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Egypt: CBE holds rates steady again

Daniel Richards - MENA Economist
Published Date: 04 February 2022

 

The Central Bank of Egypt kept its benchmark overnight deposit rate unchanged at 8.25% yesterday, the 10th consecutive hold after last cutting rates as the pandemic crisis surged in 2020. Yesterday’s decision was in line with our and market expectations – while it has been clear for some time that the bank has reached the end of its cutting cycle and that its next move will be higher, the conditions did not appear to yet warrant higher rates. Nevertheless, with global tightening moving on apace, especially after the BoE and ECB meetings yesterday, hikes by the CBE this year are looking more likely. We had previously anticipated a first hike in Q1, but on balance we now expect another hold at the March meeting, with a 25bps hike to follow in May, although the risks now look weighted towards a move sooner than later. The MPC statement’s closing lines were changed from December’s, with the emphasis on using all available tools to ‘achieve its price stability mandate’, with the ‘support of the recovery of economic activity’ now missing.

Real interest rates still positive

Source: Bloomberg, Emirates NBD Research

Headline inflation in November and December was lower than the spike seen in the previous two months and at 5.9% at the end of the year remains well with the CBE’s target range of 5%-9%. In these conditions, Egyptian real interest rates remain comparatively healthy when compared with its peers. And while there was an outflow of foreign ownership of Egyptian debt in October and November, this reportedly picked up again in January, ahead of the inclusion of Egyptian bonds in the JP Morgan EM bond index, and the stock of foreign holdings remains relatively high. Nevertheless, the CBE highlighted that the gentler price growth at the close of the year benefitted from favourable base effects related to the tomato issues of the previous year, and core inflation has also been accelerating. PMI surveys continue to highlight the ongoing issues related to input prices, and firms are increasingly passing on these higher prices to consumers.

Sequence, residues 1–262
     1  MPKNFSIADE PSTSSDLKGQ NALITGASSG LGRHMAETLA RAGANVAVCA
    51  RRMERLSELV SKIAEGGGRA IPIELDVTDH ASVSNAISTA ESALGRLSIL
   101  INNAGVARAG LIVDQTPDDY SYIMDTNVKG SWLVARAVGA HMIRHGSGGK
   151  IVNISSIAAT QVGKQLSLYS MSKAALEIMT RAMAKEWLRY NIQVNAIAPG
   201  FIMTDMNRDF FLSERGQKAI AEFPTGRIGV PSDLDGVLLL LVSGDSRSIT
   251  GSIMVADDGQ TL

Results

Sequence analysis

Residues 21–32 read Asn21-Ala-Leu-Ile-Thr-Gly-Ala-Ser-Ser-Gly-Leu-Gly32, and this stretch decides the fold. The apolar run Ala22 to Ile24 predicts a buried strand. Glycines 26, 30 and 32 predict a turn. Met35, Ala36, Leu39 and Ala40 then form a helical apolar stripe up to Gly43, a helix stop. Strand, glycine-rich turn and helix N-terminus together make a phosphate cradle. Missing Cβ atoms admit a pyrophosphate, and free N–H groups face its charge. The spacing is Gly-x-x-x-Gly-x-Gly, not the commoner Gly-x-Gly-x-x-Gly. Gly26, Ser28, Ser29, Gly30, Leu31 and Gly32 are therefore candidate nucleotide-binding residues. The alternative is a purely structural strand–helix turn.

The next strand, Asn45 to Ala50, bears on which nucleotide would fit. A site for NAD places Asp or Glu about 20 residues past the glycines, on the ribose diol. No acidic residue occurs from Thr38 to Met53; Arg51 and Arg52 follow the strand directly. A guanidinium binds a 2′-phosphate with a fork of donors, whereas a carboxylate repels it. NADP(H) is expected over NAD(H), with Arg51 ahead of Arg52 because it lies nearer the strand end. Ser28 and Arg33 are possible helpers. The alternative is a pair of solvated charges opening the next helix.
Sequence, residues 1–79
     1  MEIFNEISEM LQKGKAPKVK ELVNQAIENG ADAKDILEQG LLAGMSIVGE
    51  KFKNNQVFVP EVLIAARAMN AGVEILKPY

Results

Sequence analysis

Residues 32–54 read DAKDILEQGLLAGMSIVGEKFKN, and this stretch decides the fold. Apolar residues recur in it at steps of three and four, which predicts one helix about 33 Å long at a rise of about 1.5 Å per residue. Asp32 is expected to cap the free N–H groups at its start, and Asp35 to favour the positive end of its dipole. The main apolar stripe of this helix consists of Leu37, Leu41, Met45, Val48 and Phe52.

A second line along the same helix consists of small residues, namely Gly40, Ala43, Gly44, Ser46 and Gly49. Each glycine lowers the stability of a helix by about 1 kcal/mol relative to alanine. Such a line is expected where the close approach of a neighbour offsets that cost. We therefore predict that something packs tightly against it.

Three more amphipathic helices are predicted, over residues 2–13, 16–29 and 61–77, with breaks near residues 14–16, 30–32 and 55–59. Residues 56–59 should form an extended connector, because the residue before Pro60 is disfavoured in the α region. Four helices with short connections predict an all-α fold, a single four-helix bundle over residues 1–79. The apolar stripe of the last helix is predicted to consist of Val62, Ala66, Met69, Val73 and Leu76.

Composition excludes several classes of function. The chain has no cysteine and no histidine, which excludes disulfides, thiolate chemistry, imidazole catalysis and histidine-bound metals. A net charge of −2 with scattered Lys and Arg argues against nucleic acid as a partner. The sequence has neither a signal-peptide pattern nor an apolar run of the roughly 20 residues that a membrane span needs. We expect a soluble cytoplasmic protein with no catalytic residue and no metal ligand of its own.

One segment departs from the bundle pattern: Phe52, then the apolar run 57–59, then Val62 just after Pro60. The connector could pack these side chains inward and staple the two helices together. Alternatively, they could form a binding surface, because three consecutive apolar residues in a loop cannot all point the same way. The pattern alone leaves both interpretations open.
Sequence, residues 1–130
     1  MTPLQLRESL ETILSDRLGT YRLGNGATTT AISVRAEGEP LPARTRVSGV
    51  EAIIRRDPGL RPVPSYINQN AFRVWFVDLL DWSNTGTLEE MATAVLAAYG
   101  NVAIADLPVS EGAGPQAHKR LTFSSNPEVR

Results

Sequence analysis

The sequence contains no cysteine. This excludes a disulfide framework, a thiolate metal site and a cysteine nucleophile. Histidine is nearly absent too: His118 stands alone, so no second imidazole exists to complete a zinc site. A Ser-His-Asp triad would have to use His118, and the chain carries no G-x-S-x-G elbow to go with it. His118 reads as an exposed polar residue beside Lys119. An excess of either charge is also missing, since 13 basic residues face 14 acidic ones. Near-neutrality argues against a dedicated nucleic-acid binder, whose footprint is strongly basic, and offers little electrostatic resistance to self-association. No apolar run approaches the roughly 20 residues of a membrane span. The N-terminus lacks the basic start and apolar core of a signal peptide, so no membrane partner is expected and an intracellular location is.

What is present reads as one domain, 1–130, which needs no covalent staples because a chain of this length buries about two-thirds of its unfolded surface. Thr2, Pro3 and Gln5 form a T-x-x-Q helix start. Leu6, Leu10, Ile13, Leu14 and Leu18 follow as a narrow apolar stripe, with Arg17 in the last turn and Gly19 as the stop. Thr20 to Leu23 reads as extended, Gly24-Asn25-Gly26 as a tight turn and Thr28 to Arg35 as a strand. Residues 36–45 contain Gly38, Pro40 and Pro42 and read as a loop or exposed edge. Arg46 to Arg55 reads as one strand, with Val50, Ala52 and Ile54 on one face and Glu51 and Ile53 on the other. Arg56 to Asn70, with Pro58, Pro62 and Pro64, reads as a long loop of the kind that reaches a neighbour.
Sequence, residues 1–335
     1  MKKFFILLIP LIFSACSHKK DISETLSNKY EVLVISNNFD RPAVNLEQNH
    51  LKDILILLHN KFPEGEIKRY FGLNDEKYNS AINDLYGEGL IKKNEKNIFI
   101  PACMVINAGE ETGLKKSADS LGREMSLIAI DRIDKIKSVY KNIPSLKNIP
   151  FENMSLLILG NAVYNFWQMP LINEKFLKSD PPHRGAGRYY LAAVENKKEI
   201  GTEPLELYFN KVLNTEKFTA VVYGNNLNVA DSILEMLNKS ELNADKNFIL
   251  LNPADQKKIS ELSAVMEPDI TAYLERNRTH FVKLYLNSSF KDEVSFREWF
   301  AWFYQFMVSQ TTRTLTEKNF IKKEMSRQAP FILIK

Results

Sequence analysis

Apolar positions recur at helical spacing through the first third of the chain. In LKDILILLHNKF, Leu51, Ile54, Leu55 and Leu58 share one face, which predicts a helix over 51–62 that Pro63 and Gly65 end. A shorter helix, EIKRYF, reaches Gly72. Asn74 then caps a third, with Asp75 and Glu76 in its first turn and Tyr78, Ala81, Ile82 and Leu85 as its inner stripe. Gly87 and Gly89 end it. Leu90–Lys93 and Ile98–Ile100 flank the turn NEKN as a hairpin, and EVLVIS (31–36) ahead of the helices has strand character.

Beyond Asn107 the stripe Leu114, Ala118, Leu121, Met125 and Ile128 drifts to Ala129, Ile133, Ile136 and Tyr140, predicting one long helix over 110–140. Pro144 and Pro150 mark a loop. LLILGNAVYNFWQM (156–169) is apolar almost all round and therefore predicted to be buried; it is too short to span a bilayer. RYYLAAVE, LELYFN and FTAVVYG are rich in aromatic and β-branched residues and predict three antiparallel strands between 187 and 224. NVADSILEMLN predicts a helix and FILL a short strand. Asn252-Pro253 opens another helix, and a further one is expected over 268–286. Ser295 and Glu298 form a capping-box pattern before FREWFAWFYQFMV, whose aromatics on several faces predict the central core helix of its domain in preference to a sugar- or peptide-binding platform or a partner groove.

We will be watching the upcoming February and March inflation prints carefully, and any significant move higher could prompt a more rapid tightening by the CBE, especially in the global context of tightening monetary policy generally. The CBE acknowledged that global ‘monetary policy is expected to normalize sooner than was projected’ and were this to start to exert pressure on portfolio inflows and the currency, the bank would likely err on the side of caution and look to maintain its international attractiveness. That being said, there are other factors which will support Egypt other than a wide real interest rate. The inclusion on the JPMorgan EM bond index will ensure passive inflows, a recovery in the tourism sector should support the current account, and we anticipate that real GDP growth will strengthen this year. The bank’s communiqué noted that real GDP growth was a robust 9.8% y/y in Q3 2021 and that the labour market was stabilising.